Quotes by Joseph De Maistre

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Every country has the government it deserves.

To know how to wait. It is the great secret of success.
The whole earth, perpetually steeped in blood, is nothing but an immense altar on which every living thing must be sacrificed without end, without restraint, without respite until the consummation of the world, the extinction of evil, the death of death.
I do not know what the heart of a rascal may be, but I know what is in the heart of an honest man; it is horrible.
In the whole vast dome of living nature there reigns an open violence, a kind of prescriptive fury which arms all the creatures to their common doom: as soon as you leave the inanimate kingdom you find the decree of violent death inscribed on the very frontiers of life.
Man is so muddled, so dependent on the things immediately before his eyes, that every day even the most submissive believer can be seen to risk the torments of the afterlife for the smallest pleasure.
Nothing is necessary except God, and nothing is less necessary than pain.
False opinions are like false money, struck first of all by guilty men and thereafter circulated by honest people who perpetuate the crime without knowing what they are doing.
All pain is a punishment, and every punishment is inflicted for love as much as for justice.
There is no philosophy without the art of ignoring objections.
It is one of man's curious idiosyncrasies to create difficulties for the pleasure of resolving them.
Wherever an altar is found, there civilization exists.
I don't know what a scoundrel is like, but I know what a respectable man is like, and it's enough to make one's flesh creep.
Without doubt God is the universal moving force, but each being is moved according to the nature that God has given it. He directs angels, man, animals, brute matter, in sum all created things, but each according to its nature, and man having been created free, he is freely led. This rule is truly the eternal law and in it we must believe.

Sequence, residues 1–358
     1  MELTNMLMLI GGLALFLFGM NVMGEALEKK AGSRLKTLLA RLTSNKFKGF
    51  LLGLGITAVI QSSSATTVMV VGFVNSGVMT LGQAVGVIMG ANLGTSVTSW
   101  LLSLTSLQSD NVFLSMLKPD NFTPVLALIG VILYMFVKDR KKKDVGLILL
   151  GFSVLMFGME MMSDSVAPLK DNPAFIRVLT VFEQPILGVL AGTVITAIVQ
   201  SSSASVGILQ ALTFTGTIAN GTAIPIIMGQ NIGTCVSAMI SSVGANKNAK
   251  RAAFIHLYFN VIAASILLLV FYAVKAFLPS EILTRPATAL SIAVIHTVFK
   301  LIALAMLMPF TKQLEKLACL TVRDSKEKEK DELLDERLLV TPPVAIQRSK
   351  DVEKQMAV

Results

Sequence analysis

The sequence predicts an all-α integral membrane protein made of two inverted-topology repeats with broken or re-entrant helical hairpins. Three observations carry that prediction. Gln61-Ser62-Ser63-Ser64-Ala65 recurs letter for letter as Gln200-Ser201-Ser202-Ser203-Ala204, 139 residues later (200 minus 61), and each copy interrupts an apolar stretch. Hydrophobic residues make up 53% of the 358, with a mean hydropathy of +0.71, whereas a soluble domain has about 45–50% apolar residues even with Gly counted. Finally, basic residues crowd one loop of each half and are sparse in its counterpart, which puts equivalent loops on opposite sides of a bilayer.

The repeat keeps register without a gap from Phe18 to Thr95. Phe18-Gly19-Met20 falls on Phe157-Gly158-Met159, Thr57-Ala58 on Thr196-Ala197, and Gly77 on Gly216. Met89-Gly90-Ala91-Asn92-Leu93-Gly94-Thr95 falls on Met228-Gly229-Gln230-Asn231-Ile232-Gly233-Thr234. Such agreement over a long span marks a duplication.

Man in general, if reduced to himself, is too wicked to be free.
It can even come about that a created will cancels out, not perhaps the exertion, but the result of divine action; for in this sense, God himself has told us that God wishes things which do not happen because man does not wish them! Thus the rights of men are immense, and his greatest misfortune is to be unaware of them.
We are all bound to the throne of the Supreme Being by a flexible chain which restrains without enslaving us. The most wonderful aspect of the universal scheme of things is the action of free beings under divine guidance.
In the works of man, everything is as poor as its author; vision is confined, means are limited, scope is restricted, movements are labored, and results are humdrum.
If there was no moral evil upon earth, there would be no physical evil.
We are tainted by modern philosophy which has taught us that all is good, whereas evil has polluted everything and in a very real sense all is evil, since nothing is in its proper place.
Man is insatiable for power; he is infantile in his desires and, always discontented with what he has, loves only what he has not. People complain of the despotism of princes; they ought to complain of the despotism of man.
A constitution that is made for all nations is made for none.
War is thus divine in itself, since it is a law of the world. War is divine through its consequences of a supernatural nature which are as much general as particular. War is divine in the mysterious glory that surrounds it and in the no less inexplicable attraction that draws us to it. War is divine by the manner in which it breaks out.